High-fat diets drive production of inflammatory immune cells in the bone marrow of mice

High-fat diets drive production of inflammatory immune cells in the bone marrow of mice

Scientists have shown that high-fat diets can cause rapid changes in the bone marrow of mice, leading to the production of inflammatory immune cells, according to results published today in eLife.

The findings may help explain how high-fat diets cause inflammation, which can contribute to the development of insulin resistance, type 2 diabetes, and other complications in obese individuals.

The invasion of inflammatory immune cells, called monocytes, into adipose tissue is a hallmark of obesity, but what leads to this harmful phenomenon is not clear. Many immune cells, including monocytes, are produced in the bone marrow, which is highly sensitive to environmental changes. Scientists have already shown that fat cells in the bone marrow expand rapidly in response to a high-fat diet.

We wanted to know if bone marrow tissue an early responder to a high-fat diet could serve as a precursor to the inflammation observed in obesity. Do diet-induced changes high in fat in the bone marrow lead to the production of inflammatory monocytes that invade adipose tissue in obese people? “

Amira Kulaib, Senior Author, and Senior Scientist in Cell Biology at SickKids, and Professor in the Departments of Pediatrics, Biochemistry and Physiology at the University of Toronto, Canada

Klip and colleagues found that mice fed a high-fat diet begin to experience metabolic disturbances throughout the body and in the bone marrow within three weeks. The fat cells multiply in the bone marrow and acquire the characteristics of white fat cells. Metabolic changes in monocytes also occur in bone marrow cells – they use less oxygen to break down sugar into energy, and lactic acid accumulates in the surrounding cells and fluid. The team also found that mitochondria, the cellular factories that break down sugar into energy, break down into pieces inside monocytes and become less efficient. This process of mitochondrial fragmentation is associated with insulin resistance.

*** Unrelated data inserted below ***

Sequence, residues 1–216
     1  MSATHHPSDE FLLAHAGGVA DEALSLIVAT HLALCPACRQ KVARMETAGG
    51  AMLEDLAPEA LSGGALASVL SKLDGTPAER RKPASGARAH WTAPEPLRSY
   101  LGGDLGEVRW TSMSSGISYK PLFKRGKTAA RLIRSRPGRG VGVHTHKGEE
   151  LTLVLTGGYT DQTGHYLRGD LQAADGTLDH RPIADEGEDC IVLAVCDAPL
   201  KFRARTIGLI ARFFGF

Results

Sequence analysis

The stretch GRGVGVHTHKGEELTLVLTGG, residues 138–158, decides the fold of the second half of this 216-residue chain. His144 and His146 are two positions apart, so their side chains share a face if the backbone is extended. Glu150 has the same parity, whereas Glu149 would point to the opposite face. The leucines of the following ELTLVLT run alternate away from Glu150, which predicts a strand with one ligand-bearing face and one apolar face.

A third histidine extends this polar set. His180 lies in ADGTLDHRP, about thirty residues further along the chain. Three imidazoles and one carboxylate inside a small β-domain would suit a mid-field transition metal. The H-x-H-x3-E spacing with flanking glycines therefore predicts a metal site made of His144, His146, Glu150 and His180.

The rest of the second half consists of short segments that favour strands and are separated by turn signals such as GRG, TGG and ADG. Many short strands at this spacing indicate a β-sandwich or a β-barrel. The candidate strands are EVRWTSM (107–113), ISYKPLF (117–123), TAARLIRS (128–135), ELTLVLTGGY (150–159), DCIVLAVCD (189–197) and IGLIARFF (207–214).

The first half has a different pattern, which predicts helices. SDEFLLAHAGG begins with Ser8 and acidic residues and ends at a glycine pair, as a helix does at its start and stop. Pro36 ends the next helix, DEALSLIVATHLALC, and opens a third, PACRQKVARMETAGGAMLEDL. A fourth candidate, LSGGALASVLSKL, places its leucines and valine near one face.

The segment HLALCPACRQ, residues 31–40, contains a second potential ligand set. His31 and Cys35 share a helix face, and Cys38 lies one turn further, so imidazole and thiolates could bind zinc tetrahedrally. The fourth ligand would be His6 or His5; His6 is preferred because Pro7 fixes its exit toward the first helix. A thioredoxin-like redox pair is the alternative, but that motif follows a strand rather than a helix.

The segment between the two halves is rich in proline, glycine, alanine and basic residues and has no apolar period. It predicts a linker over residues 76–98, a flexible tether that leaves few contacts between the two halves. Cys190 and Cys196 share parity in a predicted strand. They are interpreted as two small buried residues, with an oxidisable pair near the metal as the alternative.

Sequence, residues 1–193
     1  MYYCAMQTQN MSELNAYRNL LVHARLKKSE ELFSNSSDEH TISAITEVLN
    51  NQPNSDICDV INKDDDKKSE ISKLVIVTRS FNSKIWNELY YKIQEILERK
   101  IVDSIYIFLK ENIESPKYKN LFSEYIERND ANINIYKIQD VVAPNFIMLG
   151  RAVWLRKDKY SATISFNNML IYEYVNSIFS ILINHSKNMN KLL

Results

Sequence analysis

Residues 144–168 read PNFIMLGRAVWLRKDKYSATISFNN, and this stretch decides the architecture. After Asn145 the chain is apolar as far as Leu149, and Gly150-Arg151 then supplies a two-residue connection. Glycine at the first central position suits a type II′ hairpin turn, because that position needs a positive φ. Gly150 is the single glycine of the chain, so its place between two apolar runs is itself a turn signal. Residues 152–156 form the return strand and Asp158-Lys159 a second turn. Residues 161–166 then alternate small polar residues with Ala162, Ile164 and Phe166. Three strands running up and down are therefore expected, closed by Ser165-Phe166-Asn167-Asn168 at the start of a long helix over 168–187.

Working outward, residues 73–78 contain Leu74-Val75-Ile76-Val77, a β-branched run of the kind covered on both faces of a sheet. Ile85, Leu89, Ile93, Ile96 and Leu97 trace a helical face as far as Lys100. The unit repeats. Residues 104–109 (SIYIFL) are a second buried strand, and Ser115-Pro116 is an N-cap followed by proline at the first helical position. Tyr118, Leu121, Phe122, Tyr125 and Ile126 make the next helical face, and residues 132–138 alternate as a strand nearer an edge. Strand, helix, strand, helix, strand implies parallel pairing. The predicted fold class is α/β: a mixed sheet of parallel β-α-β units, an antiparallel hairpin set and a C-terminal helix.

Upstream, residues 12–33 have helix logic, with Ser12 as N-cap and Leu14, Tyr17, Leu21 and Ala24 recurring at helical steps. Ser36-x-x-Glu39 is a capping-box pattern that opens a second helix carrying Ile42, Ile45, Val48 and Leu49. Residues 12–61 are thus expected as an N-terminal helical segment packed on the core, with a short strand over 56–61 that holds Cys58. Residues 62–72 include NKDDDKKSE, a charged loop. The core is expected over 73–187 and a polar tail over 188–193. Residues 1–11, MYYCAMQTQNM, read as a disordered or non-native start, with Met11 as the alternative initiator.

Over the course of several weeks, the number of monocytes in the bone marrow changes to include a smaller amount of monocytes called Ly6Ca little to more than one subunit called Ly6Chigh, which is the same type of single cell that invades fat tissue in people with obesity. This accumulation of Ly6Chigh Monocytes start in the bone marrow before monocytes accumulate in fat tissue in the rest of the body to become inflammatory macrophages – the mature form of monocytes.

“These results show that high-fat diets can cause bone marrow fat cells to remodel which disrupts the normal balance of monocytes, and can subsequently lead to invasive Ly6C.high Unicorns seep into the body,” Kleip continues.

The team further demonstrated that white adipose tissue can induce these changes in experiments using cell samples taken from mice fed a high-fat diet. They also found that brown adipose tissue, which is more abundant in thin people, can cause a shift toward non-invasive Ly6C.a little unicorns.

“Our study reveals how high-fat diets cause a cascade of inflammation in the body that includes the bone marrow,” Klip concludes. “More research is needed to further understand this process and see if there are ways to prevent or reverse this process. It will also be important to find out if bone marrow is also an early responder to obesity in humans. Learning more may lead to new therapies to treat obesity. Obesity and the prevention of complications such as diabetes.”


Journal reference:

Boromand, b. et al. (2022) Bone marrow adipocytes drive development of invasive tissue Ly6Chigh Monocytes during obesity. eLife. doi.org/10.7554/eLife.65553.

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